Arik Hesseldahl

Recent Posts by Arik Hesseldahl

Amazon Brings Its Cloud to Japan

One hears an awful lot these days about Amazon’s Web Services. Large companies and start-ups rely upon it to varying degrees to replace infrastructure that would otherwise cost huge sums of money to purchase and operate. Several companies have gotten their start in part because they were able to forgo investing in severs and other IT infrastructure in favor of turning it all over to Amazon.

And yet for all its importance, within Amazon’s $34 billion in 2010 revenue, Amazon Web Services was small enough by revenue last year to fit within the “other” category, a $953 million amalgam of revenue that amounted to less than three percent of total sales.

That’s not to say it’s not growing. Weeks away from its fifth anniversary, the company said today it has added a fifth region to its growing network of data centers: Japan. That means companies in Japan and with customers in Japan can take advantage of Amazon’s cloud infrastructure. The company said it is also offering support in Japanese.

That’s not to say that Japanese companies haven’t been using Amazon’s cloud services. But having a data center physically located in Japan helps solve two problems. First, it reduces latency. Basically users in Japan will have a better experience when the application they’re running is close by, and not in Singapore or the U.S.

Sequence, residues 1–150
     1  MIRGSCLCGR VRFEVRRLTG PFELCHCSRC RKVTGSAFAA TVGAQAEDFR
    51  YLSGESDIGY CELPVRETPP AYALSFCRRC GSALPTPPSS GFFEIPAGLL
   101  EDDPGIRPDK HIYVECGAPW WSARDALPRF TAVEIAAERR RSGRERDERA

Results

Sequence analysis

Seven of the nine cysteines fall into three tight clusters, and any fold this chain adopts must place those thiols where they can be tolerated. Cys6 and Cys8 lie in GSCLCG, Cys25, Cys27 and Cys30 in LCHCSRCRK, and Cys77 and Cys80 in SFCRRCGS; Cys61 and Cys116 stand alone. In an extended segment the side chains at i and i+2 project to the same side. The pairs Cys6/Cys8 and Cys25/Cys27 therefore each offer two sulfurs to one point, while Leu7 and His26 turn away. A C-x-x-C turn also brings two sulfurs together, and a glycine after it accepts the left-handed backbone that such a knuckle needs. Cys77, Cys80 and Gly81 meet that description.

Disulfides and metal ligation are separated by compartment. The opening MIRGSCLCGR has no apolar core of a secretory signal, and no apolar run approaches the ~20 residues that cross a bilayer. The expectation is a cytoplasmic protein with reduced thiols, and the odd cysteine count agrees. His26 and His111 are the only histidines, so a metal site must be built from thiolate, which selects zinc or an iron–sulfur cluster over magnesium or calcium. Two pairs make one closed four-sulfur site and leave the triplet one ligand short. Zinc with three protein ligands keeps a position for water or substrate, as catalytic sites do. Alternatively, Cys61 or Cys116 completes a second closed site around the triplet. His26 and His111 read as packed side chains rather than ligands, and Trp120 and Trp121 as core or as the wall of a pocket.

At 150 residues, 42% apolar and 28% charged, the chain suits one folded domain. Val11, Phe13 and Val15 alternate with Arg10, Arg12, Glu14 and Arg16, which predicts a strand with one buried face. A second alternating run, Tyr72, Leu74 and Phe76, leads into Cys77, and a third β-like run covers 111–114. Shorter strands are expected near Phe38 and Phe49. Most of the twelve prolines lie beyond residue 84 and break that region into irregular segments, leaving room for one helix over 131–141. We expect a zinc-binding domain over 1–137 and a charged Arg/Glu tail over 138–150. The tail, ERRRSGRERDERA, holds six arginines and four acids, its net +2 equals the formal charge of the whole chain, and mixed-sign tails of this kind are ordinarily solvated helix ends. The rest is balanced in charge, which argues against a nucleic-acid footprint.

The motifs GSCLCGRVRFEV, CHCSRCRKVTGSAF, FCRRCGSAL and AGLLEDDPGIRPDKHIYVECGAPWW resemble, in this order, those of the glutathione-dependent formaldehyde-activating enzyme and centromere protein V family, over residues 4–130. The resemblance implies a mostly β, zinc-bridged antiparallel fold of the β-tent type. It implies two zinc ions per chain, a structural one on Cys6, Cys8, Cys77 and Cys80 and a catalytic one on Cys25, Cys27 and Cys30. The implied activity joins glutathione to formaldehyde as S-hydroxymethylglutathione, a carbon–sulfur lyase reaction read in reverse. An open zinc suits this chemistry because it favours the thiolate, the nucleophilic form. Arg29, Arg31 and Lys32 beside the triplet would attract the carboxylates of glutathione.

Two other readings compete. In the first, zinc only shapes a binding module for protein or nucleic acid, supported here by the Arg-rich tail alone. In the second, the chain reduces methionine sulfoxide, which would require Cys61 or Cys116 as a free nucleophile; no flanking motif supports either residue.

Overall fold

Second, companies handling data that for legal or other reasons can’t leave Japan’s borders can now take advantage of the lower costs that come from using the cloud.

An early customer is Mitsui, a Japanese conglomerate, which says it’s using AWS to test new SAP enterprise software. Zynga, the social gaming outfit that arguably might not exist were it not for Amazon Web Services, has been using it too. As it happens, Zynga launched a localized version of FarmVille in Japan late last year.


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I think the NSA has a job to do and we need the NSA. But as (physicist) Robert Oppenheimer said, “When you see something that is technically sweet, you go ahead and do it and argue about what to do about it only after you’ve had your technical success. That is the way it was with the atomic bomb.”

— Phil Zimmerman, PGP inventor and Silent Circle co-founder, in an interview with Om Malik